Joey Kennedy -- The Birmingham News
JOEY KENNEDY: Alabama's Terrible Immigration Law Can Be Big Trouble For Republicans Nationally in Presidential Race
I attended a telephone press conference Monday put on by America's Voice, featuring Lynn Tramonte, deputy director for America's Voice (an immigration reform advocacy organization), Angela M. Kelley, vice president of immigration policy and advocacy at the Center for American Progress Action Fund; the Rev. Samuel Rodriguez, president of the National Hispanic Christian Leadership Conference; and Erika Adiola, government relations director at DRM Capital Group.
This group's consensus is that, mainly because of Alabama's harsh immigration law and Republican presidential candidates' embrace of it and similar laws, the Republicans are in real trouble come election time. Republicans can't win without a good chunk of the Latino/Hispanic vote, and that's just the way it is.
In 2004, George W. Bush got 44 percent of the Latino vote. In 2008, John McCain fought hard for the Latino vote, but drew only 31 percent, and lost. This year, according to a recently conducted Fox News Latino poll, GOP leader Mitt Romney is polling only 14.2 percent versus President Barack Obama's 69.6 percent. And of the three front-leading Republicans, Romney polls the best.
"The damage is done," Kelley said. "The law's impact has been stunning from Day 1, and has been sustained." Alabama, she said, has made itself "an incredibly unattractive state to go to."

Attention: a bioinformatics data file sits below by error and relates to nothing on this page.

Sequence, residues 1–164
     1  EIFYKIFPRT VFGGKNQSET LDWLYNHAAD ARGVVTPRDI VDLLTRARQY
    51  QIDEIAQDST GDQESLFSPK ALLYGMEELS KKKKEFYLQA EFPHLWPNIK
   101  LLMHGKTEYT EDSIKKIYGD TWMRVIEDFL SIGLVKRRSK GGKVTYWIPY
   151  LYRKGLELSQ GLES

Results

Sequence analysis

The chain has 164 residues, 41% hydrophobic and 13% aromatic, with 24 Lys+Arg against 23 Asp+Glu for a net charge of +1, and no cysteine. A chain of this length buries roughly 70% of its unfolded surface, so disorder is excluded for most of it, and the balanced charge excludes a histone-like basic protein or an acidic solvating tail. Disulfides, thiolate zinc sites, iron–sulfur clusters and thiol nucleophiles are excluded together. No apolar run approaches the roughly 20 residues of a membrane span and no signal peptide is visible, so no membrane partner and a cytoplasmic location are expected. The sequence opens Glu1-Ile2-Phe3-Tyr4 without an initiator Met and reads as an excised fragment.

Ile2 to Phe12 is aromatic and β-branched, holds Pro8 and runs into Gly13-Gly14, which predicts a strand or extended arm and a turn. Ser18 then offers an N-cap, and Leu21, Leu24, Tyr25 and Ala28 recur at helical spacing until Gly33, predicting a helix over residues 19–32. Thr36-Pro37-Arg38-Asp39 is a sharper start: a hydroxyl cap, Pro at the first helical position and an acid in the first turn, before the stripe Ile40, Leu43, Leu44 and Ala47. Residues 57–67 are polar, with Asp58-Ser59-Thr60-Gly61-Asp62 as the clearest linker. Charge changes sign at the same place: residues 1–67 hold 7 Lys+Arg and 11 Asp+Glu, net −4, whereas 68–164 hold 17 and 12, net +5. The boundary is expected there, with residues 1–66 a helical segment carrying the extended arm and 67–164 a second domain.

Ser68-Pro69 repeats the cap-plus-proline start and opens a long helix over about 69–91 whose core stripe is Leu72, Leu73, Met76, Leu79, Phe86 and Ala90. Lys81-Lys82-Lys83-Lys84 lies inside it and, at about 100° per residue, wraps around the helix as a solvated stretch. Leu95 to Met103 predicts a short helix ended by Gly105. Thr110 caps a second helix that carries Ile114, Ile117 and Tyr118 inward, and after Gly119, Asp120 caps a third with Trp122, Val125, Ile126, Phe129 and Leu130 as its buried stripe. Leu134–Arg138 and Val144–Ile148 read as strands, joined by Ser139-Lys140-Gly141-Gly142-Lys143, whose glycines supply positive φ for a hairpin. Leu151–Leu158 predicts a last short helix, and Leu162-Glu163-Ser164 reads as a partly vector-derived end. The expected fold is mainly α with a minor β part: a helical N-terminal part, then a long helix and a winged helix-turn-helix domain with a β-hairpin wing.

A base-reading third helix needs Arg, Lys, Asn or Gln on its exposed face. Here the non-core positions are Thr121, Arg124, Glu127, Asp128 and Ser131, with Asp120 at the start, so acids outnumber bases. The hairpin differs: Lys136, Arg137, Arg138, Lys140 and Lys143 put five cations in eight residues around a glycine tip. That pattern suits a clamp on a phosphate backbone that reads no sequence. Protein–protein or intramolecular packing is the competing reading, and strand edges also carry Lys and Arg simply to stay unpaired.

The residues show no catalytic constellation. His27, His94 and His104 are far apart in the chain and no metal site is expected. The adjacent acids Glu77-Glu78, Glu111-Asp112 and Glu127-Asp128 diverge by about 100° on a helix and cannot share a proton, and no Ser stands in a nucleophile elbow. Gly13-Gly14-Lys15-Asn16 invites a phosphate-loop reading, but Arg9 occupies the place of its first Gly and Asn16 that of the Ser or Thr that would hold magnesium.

And, said Kelley, Romney is using the author of the Alabama law (and Arizona's, Georgia's and South Carolina's), Kansas Secretary of State Kris Kobach, as his immigration adviser. It was Kobach who taught Romney about "self-deportation."
"Self-deportation is just mass deportation with a smiley face," Tramonte said.
Rodriguez noted that Alabama's immmigration law was one of the most detrimental measures in recent history, resurrecting vestiges of the old South that we all believed stood buried.
Republicans have painted themselves into a bad corner, Tramonte said. "I don't think they're going to be able to walk back or moderate their position," she said. "It's impossible for them to replace history and what they've said in the primary."
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